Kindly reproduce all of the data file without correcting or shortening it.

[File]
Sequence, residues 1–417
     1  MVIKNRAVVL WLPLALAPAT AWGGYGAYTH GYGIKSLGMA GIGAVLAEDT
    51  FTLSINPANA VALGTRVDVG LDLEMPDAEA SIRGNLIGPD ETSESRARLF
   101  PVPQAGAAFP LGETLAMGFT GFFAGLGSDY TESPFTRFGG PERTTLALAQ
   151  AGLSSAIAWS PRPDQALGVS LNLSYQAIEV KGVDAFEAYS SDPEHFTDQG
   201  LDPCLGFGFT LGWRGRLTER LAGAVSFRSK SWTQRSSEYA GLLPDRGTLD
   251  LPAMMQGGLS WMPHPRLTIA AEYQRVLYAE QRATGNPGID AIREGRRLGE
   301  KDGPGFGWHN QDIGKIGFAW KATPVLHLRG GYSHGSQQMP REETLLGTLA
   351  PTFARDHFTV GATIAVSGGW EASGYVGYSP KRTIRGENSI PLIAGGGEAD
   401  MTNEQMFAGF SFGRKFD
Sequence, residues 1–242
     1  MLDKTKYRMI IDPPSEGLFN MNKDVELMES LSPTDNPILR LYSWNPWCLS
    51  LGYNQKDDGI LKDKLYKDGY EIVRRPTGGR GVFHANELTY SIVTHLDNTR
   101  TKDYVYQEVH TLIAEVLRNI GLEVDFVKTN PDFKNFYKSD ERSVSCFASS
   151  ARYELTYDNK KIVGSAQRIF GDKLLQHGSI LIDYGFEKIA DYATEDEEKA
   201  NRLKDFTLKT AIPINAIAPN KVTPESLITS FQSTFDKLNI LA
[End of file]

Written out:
Sequence, residues 1–417
     1  MVIKNRAVVL WLPLALAPAT AWGGYGAYTH GYGIKSLGMA GIGAVLAEDT
    51  FTLSINPANA VALGTRVDVG LDLEMPDAEA SIRGNLIGPD ETSESRARLF
   101  PVPQAGAAFP LGETLAMGFT GFFAGLGSDY TESPFTRFGG PERTTLALAQ
   151  AGLSSAIAWS PRPDQALGVS LNLSYQAIEV KGVDAFEAYS SDPEHFTDQG
   201  LDPCLGFGFT LGWRGRLTER LAGAVSFRSK SWTQRSSEYA GLLPDRGTLD
   251  LPAMMQGGLS WMPHPRLTIA AEYQRVLYAE QRATGNPGID AIREGRRLGE
   301  KDGPGFGWHN QDIGKIGFAW KATPVLHLRG GYSHGSQQMP REETLLGTLA
   351  PTFARDHFTV GATIAVSGGW EASGYVGYSP KRTIRGENSI PLIAGGGEAD
   401  MTNEQMFAGF SFGRKFD
Sequence, residues 1–242
     1  MLDKTKYRMI IDPPSEGLFN MNKDVELMES LSPTDNPILR LYSWNPWCLS
    51  LGYNQKDDGI LKDKLYKDGY EIVRRPTGGR GVFHANELTY SIVTHLDNTR
   101  TKDYVYQEVH TLIAEVLRNI GLEVDFVKTN PDFKNFYKSD ERSVSCFASS
   151  ARYELTYDNK KIVGSAQRIF GDKLLQHGSI LIDYGFEKIA DYATEDEEKA
   201  NRLKDFTLKT AIPINAIAPN KVTPESLITS FQSTFDKLNI LA